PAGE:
Mental Health, You, and Our School Community: Mental Health Awareness Month at Ramapo

Sarah Chagares, Editor in Chief


            If you were suffering from an injury that affected your ability to function, would you visit a healthcare professional? How about if you were suffering from an emotional issue that affected your ability to function? Would you similarly seek assistance from a mental health professional? If not, why not?


            May is Mental Health Awareness Month and is the perfect time to consider your mental wellness. In a pre-pandemic survey, it was revealed that about half of Americans will suffer from mental illness during their lives (“Mental Health”). The COVID-19 pandemic has intensified mental issues, especially for young adults, who have struggled with anxiety, isolation, fear, and other emotions. In fact, one survey showed that 56% of young adults have suffered from “symptoms of anxiety and/or depressive disorder” (Panchal). So, if you are suffering, you are not alone.


             The Ramapo High School community has endured many difficult challenges during the pandemic. In addition to coping with the pandemic and its many negative effects, our community has lost a student, a coach, and a recent alum. Mrs. Jasmen Mantashian, the Student Assistance Counselor at Ramapo, has observed that “[o]ur mental wellness impacts how we recognize, express, and regulate our emotions as well as cope with the difficulties in our lives.” 


            Notwithstanding the ubiquity of mental health issues, a major hurdle is the stigma surrounding mental health and mental health treatment. Too many sadly view mental illness with prejudice and consider it a weakness. That may cause others to hide their pain and refuse to seek help. Mrs. Mantashian notes that “dedicating the month of May to increasing awareness [about mental health] can help reduce the stigma and reach those suffering in silence.” So, Mental Health Awareness Month is about improving your mental health as well as the mental health of all in our community. Mrs. Mantashian emphasizes that while “[m]ental health matters everyday or every month,” May is “a time to slow down, pause, and dedicate a few minutes to having real and meaningful conversations about support, services, resiliency, and our responsibility to prioritize the mental health of our community.”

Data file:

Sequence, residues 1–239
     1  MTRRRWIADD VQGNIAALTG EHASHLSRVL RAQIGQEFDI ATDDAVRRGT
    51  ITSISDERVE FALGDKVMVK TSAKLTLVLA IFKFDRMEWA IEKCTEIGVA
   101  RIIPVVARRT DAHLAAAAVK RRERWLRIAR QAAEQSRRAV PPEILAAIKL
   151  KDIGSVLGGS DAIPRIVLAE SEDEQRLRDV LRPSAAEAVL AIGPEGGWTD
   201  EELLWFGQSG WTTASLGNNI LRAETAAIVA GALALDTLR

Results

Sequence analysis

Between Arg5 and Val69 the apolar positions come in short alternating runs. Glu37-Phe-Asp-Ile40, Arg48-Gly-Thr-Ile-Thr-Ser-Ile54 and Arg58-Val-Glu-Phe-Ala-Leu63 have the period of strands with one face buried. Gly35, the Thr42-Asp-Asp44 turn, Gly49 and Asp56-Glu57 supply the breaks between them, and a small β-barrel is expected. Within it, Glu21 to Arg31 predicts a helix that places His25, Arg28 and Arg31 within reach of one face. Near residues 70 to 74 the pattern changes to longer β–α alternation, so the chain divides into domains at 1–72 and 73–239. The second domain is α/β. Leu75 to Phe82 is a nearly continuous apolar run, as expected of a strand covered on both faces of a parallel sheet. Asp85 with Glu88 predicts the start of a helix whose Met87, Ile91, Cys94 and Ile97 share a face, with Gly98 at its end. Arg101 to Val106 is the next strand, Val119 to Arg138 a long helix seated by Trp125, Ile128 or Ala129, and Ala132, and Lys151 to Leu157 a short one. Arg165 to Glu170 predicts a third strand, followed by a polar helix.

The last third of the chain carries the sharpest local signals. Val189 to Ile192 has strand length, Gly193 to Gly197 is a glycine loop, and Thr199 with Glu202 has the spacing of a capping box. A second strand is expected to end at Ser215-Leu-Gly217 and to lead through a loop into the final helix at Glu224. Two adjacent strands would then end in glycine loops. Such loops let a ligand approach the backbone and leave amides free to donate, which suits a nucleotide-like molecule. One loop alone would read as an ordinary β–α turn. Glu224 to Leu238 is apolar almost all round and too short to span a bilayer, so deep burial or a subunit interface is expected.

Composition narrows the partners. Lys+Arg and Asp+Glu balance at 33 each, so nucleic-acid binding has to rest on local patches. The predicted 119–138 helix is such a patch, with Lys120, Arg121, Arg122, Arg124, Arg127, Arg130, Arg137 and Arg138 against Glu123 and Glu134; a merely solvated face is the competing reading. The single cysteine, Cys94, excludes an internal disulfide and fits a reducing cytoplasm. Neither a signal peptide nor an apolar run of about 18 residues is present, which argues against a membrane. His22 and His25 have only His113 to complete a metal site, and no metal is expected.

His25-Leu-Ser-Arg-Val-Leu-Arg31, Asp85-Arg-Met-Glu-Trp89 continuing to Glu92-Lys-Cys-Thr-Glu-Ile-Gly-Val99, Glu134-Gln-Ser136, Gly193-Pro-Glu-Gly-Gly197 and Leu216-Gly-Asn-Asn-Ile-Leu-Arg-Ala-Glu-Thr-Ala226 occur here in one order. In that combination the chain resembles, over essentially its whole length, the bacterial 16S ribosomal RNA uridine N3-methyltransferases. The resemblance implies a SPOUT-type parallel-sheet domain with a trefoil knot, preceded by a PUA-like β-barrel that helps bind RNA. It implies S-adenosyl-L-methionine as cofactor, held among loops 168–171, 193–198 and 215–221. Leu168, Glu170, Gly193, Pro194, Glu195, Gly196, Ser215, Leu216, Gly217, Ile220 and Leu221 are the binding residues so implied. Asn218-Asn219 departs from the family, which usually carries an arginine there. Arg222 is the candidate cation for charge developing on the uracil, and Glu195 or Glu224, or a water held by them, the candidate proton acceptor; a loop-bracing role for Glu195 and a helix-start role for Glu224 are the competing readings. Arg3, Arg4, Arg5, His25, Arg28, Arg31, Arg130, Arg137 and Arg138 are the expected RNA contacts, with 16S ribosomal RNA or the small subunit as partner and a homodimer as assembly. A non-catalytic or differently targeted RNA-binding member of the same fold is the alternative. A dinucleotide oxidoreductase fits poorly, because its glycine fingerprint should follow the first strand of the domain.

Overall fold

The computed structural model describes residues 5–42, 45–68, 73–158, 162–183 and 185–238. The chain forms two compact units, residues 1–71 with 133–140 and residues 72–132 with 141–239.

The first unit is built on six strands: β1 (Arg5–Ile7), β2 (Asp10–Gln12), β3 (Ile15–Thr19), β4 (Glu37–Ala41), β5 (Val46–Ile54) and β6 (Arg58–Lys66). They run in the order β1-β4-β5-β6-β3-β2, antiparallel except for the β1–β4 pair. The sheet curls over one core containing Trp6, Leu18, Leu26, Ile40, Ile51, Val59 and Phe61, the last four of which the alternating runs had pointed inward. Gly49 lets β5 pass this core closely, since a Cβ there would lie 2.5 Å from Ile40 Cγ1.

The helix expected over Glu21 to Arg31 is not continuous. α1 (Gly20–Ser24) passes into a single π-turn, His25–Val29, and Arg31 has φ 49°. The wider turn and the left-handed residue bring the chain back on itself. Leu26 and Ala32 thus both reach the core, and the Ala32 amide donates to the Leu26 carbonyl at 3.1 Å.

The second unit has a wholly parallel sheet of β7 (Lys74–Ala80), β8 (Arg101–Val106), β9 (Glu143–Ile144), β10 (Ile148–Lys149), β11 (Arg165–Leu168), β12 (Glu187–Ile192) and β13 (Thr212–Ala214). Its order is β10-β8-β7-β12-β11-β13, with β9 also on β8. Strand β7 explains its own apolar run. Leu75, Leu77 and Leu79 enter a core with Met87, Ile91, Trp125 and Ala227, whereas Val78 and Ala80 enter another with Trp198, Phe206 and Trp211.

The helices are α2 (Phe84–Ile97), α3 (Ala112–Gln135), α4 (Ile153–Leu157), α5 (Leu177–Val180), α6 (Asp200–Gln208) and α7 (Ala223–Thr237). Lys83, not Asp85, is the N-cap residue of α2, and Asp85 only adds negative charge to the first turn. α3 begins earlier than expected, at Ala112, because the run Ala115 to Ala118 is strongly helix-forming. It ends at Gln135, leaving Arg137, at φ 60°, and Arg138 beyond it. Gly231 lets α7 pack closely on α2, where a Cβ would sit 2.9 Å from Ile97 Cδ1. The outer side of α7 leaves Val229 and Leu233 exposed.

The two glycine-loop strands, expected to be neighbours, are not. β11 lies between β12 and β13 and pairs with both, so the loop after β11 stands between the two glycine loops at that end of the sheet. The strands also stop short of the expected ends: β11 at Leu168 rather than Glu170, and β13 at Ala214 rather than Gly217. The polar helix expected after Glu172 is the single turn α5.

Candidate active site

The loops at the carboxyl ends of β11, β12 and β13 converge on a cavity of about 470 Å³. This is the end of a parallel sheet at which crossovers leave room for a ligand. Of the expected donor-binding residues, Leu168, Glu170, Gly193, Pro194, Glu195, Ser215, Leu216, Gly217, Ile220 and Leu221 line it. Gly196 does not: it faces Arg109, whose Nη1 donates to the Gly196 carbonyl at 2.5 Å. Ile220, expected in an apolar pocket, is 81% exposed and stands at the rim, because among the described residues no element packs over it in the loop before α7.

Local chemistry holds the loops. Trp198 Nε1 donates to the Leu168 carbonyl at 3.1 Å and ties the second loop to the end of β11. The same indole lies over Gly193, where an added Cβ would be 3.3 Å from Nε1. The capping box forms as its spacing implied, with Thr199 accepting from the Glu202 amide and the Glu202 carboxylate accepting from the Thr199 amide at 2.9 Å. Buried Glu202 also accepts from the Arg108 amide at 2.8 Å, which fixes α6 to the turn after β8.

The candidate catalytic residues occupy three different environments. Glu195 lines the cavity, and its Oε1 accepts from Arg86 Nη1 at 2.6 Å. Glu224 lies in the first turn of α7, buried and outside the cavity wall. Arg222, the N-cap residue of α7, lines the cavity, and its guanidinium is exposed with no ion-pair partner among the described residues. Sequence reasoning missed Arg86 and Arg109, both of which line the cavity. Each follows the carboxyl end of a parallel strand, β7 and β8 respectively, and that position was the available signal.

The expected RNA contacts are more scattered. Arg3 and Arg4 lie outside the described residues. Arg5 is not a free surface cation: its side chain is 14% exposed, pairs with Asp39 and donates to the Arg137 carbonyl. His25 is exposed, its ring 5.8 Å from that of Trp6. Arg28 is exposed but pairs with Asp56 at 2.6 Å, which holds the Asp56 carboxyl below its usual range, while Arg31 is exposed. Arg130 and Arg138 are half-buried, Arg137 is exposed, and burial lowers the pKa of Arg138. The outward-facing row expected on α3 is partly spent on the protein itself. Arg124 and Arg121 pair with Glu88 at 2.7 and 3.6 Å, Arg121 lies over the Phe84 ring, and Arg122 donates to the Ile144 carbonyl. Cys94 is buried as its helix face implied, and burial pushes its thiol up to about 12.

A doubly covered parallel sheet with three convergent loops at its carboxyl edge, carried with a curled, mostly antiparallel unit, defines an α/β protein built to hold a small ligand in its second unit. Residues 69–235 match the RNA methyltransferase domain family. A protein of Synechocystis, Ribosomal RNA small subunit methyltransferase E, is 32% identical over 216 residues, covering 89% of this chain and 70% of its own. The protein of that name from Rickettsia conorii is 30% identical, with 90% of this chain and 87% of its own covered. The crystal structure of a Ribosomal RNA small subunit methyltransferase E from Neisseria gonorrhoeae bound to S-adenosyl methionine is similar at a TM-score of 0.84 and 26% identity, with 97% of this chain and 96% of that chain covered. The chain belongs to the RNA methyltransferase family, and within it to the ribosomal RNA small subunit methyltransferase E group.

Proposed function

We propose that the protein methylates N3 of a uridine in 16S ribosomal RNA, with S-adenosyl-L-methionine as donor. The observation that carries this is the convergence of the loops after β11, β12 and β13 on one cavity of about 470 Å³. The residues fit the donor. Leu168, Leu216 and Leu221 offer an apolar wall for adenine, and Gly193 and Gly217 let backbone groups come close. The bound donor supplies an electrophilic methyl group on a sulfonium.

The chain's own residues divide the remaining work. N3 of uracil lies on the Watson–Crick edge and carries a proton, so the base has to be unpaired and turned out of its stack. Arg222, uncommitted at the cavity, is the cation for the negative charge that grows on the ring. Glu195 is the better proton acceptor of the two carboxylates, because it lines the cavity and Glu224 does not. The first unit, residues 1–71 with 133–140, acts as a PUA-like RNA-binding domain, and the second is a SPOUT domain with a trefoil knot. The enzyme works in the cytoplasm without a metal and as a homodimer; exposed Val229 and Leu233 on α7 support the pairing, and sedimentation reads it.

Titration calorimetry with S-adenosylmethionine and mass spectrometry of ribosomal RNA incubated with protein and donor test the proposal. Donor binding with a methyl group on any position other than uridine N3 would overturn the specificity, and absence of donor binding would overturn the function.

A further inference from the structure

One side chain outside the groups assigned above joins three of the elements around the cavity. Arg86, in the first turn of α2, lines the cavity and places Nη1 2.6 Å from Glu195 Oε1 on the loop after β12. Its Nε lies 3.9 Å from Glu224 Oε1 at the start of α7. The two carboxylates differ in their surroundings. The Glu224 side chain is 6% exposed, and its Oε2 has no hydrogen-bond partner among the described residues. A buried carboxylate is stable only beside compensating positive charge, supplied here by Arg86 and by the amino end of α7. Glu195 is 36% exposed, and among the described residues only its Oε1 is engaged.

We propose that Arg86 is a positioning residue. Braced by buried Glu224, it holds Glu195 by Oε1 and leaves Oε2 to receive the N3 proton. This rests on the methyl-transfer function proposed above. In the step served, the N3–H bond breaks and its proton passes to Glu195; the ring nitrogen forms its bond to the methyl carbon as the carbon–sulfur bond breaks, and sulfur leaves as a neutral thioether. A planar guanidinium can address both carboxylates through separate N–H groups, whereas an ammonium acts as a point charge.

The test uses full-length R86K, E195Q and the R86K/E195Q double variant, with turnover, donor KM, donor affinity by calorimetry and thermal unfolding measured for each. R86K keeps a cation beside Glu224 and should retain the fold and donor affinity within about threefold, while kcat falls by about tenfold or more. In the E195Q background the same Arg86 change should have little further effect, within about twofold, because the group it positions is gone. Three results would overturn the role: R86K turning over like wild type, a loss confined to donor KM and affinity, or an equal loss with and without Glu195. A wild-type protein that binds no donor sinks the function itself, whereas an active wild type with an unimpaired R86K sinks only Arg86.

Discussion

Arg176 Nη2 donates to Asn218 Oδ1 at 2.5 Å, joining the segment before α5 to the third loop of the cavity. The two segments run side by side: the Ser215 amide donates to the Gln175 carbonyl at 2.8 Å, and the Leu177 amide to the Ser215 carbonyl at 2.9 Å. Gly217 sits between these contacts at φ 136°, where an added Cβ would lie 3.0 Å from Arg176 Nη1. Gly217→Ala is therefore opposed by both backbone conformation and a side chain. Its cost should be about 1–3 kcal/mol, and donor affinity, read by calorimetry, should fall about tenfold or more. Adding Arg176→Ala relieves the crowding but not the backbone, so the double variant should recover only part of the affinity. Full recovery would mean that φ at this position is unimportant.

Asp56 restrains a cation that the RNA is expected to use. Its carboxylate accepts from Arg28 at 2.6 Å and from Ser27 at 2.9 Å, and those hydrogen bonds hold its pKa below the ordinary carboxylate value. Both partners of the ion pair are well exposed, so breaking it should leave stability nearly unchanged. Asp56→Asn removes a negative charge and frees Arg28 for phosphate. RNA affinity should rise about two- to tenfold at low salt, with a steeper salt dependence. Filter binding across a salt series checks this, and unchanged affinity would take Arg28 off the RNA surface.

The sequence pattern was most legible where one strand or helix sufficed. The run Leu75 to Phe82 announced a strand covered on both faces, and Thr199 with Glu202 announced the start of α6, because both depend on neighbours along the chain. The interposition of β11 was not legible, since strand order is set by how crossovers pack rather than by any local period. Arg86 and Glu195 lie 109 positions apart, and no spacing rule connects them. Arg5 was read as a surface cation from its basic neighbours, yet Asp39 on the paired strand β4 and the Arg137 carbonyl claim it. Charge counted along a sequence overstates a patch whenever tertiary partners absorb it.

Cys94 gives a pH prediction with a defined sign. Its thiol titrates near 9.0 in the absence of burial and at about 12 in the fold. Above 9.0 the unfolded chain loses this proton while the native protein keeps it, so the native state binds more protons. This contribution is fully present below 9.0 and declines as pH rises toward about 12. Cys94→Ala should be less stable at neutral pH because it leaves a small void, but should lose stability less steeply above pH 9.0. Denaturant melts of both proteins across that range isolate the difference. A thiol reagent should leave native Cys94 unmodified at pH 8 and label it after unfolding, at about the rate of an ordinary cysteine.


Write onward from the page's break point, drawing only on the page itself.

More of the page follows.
Ramapo has many excellent and confidential resources for mental health services. Mrs. Mantashian and the guidance department are supportive and caring places to start for all in our school community. Mrs. Mantashian encourages: “It’s never selfish to prioritize your needs. If we do not prioritize our mental health, we are unable to be the best version of ourselves.” Indeed, why wouldn’t you seek help if you have a need, regardless of whether it was physical or emotional?


Nirmita Panchal, Rabah Kamal, Cynthia Cox, Rachel Garfield, “The Implications of CVOID-19 for Mental Health and Substance Use,” KFF, 2021.


“Mental Health.” Gale Opposing Viewpoints Online Collection, Gale, 2019. Gale In Context: Opposing Viewpoints, 2020.